Missouri Senate candidate Eric Greitens stirred controversy Monday after releasing a new campaign ad telling supporters to go "RINO hunting."
In the ad Greitens, the Republican former governor who resigned from office in 2018 amid sexual misconduct allegations, announced his Navy SEAL background and cocked a shotgun before declaring, "We're going RINO hunting."
RINO is an acronym that stands for "Republican in name only." It's used by conservatives and GOP activists to deride Republican elected officials they perceive as being too friendly with Democrats or insufficiently conservative.
"The RINO feeds on corruption and is marked by the stripes of cowardice," Greitens tells the camera before a Navy SEAL team breaches a house.
Urging his supporters to get a "RINO hunting permit," Greitens says, "there’s no bagging limit, no tagging limit, and it doesn’t expire until we save our country."
"We are sick and tired of the Republicans in Name Only surrendering to Joe Biden & the radical Left," Greitens tweeted. "Order your RINO Hunting Permit today!"
The ad was immediately controversial. Twitter assigned a notice to Greitens' tweet explaining that it violates Twitter Rules about "abusive behavior." But the tweet was not taken down because "Twitter has determined that it may be in the public's interest for the Tweet to remain accessible."
Users can still find and quote the tweet, but commenting, retweeting, and liking have all been disabled to limit the post's reach.
Facebook took more drastic action and removed Greitens' video, according to CNN correspondent Donie O'Sullivan.
"We removed this video for violating our policies prohibiting violence and incitement," a Meta spokesman said. Meta is Facebook's parent company.
The ad prompted visceral reactions from the left on Twitter, which accused Greitens of inciting violence against members of his own party.
"This is sociopathic. You're going to get someone killed," Rep. Joaquin Castro (D-Texas) tweeted.
"Radical.. extreme… unhinged… today’s MAGA Republicans are a cancer to American democracy," said DNC chairman Jaime Harrison.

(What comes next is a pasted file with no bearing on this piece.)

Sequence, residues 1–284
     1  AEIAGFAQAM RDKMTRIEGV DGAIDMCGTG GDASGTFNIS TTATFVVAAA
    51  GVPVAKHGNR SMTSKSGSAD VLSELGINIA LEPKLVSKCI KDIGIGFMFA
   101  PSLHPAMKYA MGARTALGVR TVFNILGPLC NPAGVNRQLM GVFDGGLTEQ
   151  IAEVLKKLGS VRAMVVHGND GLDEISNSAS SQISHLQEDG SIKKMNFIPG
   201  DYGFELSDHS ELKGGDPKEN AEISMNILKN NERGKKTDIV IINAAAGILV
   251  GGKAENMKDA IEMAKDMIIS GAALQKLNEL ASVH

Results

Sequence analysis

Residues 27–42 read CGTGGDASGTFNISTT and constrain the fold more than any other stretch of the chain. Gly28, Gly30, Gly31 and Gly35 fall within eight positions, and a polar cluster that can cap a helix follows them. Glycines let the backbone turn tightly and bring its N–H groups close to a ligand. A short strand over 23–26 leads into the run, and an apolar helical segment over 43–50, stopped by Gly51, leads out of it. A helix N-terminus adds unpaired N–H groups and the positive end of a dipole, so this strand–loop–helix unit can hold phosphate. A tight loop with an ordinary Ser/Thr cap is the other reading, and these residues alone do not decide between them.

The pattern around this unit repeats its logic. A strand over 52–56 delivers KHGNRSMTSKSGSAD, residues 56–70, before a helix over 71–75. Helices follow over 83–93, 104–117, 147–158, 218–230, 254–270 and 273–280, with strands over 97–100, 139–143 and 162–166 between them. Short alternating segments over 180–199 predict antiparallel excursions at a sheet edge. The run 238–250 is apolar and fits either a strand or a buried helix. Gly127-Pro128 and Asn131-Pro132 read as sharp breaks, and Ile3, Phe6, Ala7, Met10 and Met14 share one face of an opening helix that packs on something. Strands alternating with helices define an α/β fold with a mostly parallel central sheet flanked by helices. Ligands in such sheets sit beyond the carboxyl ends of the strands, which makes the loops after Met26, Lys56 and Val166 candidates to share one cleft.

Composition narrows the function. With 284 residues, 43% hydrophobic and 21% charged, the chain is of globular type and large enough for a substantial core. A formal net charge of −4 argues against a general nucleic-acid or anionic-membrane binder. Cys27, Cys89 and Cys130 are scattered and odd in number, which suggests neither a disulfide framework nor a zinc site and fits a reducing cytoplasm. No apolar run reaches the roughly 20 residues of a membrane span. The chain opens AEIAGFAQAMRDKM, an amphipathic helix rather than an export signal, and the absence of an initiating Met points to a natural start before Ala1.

Rep. Eric Swalwell (D-Calif.) blamed Republican leaders Kevin McCarthy and Mitch McConnell for enabling "MAGA radicals" to run as Republicans.
"Now it's out of control & threatens everyone's freedom," Swalwell tweeted.
CNN anchor Jake Tapper observed that Greitens' ex-wife has accused him of physically abusing her and their children in legal filings for their ongoing custody battle.
But some conservative commentators were upset with Greitens' ad as well. Many pointed out that the video seemed intentionally designed to provoke outrage, which some cynically suggested Greitens might use to distract from his flaws as a Senate candidate or boost his media attention in the crowded Republican primary.
"A man with a history of domestic violence and abuse is trying to win by trolling his opponents in this way. Wow," said conservative radio host Erick Erickson.
"Reminder: this guy bound & blindfolded his hairdresser and took nude blackmail photos of her without her knowledge," noted "Political Beats" podcast co-host Jeff Blehar, referring to the allegations against Greitens that prompted him to leave office.
"All this? that's to distract you from the fact that this guy bound & blindfolded his hairdresser and took nude blackmail photos of her without her knowledge."
Blehar also pointed out that Greitens was a lifelong Democrat who joined the Republican Party in 2015 when he first ran for office.
Conservative radio host Dana Loesch pointed out Greitens' hypocrisy on guns, calling him out for waving a gun around in his ad after he refused to support so-called "constitutional carry" laws and criticized the Second Amendment Preservation Act — dubbed SAPA — as governor.
Constitutional carry laws permit gun owners to carry their firearms without a license, while SAPA would have invalidated federal firearm restrictions on lawful gun owners.
The controversial ad follows a bipartisan deal in the U.S. Senate on a framework for gun control legislation. Twenty senators — 10 Republicans and 10 Democrats — have agreed in principle on a series of measures including incentives for states to adopt red-flag laws, expanded background checks for gun purchases, and funding for mental health and safety programs.